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Workup of bacterial vaginosis, with a pH indicator to detect vaginal alkalinization (here showing approximately pH 8), and a microscope slide to microscopically detect clue cells.

What are the other Names for this Condition? (Also known as/Synonyms)

  • Anaerobic Vaginosis (AV)
  • Nonspecific Vaginitis
  • Vaginal Bacteriosis

What is Bacterial Vaginosis? (Definition/Background Information)

  • Bacterial Vaginosis (BV) is a frequently-occurring and usually mild bacterial infection, particularly in women, who are in their active reproductive or childbearing phase
  • Although Bacterial Vaginosis is harmless and self-limiting in most cases, it has the potential to increase an individual’s susceptibility to other sex-related disorders and cause medical complications
  • Foul-smelling, watery, milk white vaginal discharge, with itching and burning sensation around the vaginal region, are a few of the symptoms. These are caused, when there is a bacterial imbalance within the vagina
  • Many factors are said to contribute to this condition, such as having multiple sex partners, having unprotected sex, douching, etc.
  • Antibiotic treatment is the therapy of choice, which can result in a complete cure

Who gets Bacterial Vaginosis? (Age and Sex Distribution)

  • Women in the childbearing age group and pregnant women have the highest risk for this bacterial infection
  • As per a CDC (US, Centers for Disease Control and Prevention) study, over 80% of women with Bacterial Vaginosis are asymptomatic
  • African-American and Hispanic American women are more vulnerable than Caucasian women (especially the US)

What are the Risk Factors for Bacterial Vaginosis? (Predisposing Factors)

All factors that are responsible for upsetting the natural balance of bacteria (that exist between the good and bad bacteria) in the vaginal tract are potential risk factors for Bacterial Vaginosis. These include:

  • Having a new sex, same sex partner(s), and/or multiple sex partners. These may include individuals with sexually-transmitted diseases
  • Vaginal douching
  • Use of intrauterine devices for contraception
  • Reduced incidence of sexual activity (intercourse), or a complete absence of sex life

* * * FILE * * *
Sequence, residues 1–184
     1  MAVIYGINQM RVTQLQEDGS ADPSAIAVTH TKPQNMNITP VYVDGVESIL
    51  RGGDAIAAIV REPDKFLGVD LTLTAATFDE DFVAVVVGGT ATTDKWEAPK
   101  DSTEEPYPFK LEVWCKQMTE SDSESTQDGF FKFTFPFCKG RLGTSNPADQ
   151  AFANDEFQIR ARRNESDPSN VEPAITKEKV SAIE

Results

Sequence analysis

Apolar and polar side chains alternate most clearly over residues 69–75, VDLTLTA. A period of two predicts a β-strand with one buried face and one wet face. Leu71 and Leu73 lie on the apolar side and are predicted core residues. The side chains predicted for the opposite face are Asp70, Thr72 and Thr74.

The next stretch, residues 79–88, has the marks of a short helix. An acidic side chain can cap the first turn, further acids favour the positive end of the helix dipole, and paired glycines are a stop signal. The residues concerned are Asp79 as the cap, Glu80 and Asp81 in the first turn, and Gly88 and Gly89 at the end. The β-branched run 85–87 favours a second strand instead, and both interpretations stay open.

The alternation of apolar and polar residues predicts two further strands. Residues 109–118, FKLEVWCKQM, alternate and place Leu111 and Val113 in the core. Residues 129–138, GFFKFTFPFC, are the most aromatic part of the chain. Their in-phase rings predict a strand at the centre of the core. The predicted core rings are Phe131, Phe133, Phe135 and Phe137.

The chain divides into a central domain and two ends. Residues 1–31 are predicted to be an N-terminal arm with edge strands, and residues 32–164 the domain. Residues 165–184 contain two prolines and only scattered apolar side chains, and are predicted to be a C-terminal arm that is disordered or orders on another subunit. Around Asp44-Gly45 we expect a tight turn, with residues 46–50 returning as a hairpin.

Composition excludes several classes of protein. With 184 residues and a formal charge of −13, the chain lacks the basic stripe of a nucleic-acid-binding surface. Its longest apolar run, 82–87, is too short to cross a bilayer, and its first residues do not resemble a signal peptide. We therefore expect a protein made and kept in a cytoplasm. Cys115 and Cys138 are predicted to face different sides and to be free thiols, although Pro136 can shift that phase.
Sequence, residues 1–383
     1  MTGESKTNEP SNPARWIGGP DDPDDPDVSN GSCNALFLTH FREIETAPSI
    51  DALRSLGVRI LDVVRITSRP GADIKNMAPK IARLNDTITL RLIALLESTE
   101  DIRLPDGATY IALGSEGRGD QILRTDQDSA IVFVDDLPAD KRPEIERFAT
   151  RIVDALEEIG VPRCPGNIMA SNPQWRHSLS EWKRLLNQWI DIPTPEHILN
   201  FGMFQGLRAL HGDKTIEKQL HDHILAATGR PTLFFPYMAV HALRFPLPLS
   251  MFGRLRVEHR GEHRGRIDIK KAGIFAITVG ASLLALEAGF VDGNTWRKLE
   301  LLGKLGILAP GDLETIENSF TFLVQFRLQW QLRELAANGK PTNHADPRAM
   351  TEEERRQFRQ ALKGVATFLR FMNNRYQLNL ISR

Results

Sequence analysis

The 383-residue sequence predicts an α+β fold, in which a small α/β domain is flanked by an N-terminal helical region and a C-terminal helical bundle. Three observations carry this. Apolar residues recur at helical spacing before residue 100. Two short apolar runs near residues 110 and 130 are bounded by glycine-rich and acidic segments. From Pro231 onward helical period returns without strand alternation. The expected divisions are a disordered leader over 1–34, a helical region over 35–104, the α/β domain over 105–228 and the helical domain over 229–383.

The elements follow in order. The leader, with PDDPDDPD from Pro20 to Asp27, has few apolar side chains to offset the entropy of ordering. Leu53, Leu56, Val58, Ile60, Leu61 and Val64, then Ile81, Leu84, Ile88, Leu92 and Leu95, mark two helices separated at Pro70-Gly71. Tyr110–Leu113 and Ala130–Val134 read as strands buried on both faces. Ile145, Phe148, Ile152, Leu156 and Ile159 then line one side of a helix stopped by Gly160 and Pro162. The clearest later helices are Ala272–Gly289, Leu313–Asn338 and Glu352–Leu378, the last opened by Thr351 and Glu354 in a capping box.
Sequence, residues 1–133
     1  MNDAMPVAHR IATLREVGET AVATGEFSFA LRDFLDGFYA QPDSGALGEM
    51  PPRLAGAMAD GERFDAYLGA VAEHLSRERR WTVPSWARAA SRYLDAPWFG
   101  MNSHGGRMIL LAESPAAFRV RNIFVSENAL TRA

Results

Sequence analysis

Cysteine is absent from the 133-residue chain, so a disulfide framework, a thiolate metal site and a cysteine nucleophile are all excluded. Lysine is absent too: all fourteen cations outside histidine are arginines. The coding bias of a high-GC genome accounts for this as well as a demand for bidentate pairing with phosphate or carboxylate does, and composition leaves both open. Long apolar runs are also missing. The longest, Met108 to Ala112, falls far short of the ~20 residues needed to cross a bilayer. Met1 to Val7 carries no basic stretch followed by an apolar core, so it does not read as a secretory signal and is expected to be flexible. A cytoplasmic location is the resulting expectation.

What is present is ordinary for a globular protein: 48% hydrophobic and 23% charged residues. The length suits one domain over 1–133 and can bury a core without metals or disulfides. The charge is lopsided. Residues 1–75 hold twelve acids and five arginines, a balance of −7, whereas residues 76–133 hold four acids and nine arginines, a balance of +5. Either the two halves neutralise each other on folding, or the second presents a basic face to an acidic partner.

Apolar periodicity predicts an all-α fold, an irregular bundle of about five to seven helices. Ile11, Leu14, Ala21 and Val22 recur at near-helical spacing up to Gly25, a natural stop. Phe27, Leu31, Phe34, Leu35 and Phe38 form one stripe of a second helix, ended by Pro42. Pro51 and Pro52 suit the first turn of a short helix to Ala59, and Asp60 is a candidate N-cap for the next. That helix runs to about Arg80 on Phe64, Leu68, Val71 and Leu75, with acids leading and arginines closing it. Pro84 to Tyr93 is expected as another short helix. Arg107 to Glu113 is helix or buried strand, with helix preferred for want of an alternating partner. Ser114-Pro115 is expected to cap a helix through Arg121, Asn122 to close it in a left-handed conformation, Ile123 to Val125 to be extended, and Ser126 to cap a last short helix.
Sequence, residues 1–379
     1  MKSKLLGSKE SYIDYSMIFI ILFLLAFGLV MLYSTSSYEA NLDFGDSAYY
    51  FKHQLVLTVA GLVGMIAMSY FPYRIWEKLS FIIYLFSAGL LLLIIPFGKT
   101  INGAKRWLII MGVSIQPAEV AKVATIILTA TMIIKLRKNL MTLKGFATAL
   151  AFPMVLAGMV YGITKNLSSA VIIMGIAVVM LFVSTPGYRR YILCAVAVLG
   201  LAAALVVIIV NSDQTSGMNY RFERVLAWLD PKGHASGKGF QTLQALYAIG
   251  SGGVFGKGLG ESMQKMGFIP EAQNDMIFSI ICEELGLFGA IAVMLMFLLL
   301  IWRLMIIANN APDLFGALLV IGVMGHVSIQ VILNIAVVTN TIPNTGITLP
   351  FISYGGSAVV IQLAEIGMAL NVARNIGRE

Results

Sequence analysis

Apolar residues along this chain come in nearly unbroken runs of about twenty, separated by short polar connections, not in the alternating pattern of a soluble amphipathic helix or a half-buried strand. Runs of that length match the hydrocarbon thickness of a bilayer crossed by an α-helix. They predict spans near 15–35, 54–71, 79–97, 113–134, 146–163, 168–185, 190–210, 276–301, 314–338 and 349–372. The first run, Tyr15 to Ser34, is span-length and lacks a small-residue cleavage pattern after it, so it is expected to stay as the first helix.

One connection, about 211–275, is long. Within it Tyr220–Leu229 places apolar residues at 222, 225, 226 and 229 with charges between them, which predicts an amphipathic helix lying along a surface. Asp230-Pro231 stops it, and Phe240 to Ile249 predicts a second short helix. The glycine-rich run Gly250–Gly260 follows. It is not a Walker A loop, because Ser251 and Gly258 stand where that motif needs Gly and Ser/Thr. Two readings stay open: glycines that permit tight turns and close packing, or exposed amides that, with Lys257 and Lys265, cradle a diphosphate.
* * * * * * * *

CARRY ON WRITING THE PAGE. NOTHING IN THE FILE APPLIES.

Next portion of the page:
• Post-menopausal women
  • Recent antibiotic use, for an unrelated condition
  • Other factors that increase the risk include: Cigarette smoking, anemia, and the use of thongs

It is important to note that having a risk factor does not mean that one will get the condition. A risk factor increases ones chances of getting a condition compared to an individual without the risk factors. Some risk factors are more important than others.

Also, not having a risk factor does not mean that an individual will not get the condition. It is always important to discuss the effect of risk factors with your healthcare provider.

What are the Causes of Bacterial Vaginosis? (Etiology)

  • There exists a normal balance between the good bacteria (like lactobacilli) and the few harmful ones (the anaerobes), which helps maintain a certain pH value, within the reproductive tract
  • When good bacteria level gets reduced and the bad bacteria grow and proliferate, under certain conditions, it leads to Bacterial Vaginosis. Hence, it is also called Anaerobic Vaginosis
  • Any factor that causes an imbalance between the two bacteria kinds creates conditions for BV. This imbalance is responsible for disturbing the natural pH balance in the vagina

What are the Signs and Symptoms of Bacterial Vaginosis?

Only a few women experience signs and symptoms of Bacterial Vaginosis, while a majority of them do not. In women, who experience signs and symptoms, these include:

  • Smelly (fish-odor), off-white or grayish-white vaginal discharge, which may be watery thin. These signs increase after sexual intercourse
  • Difficulty while having an intercourse, due to a lack of natural lubrication, causing pain, irritation/discomfort, slight bleeding from the vagina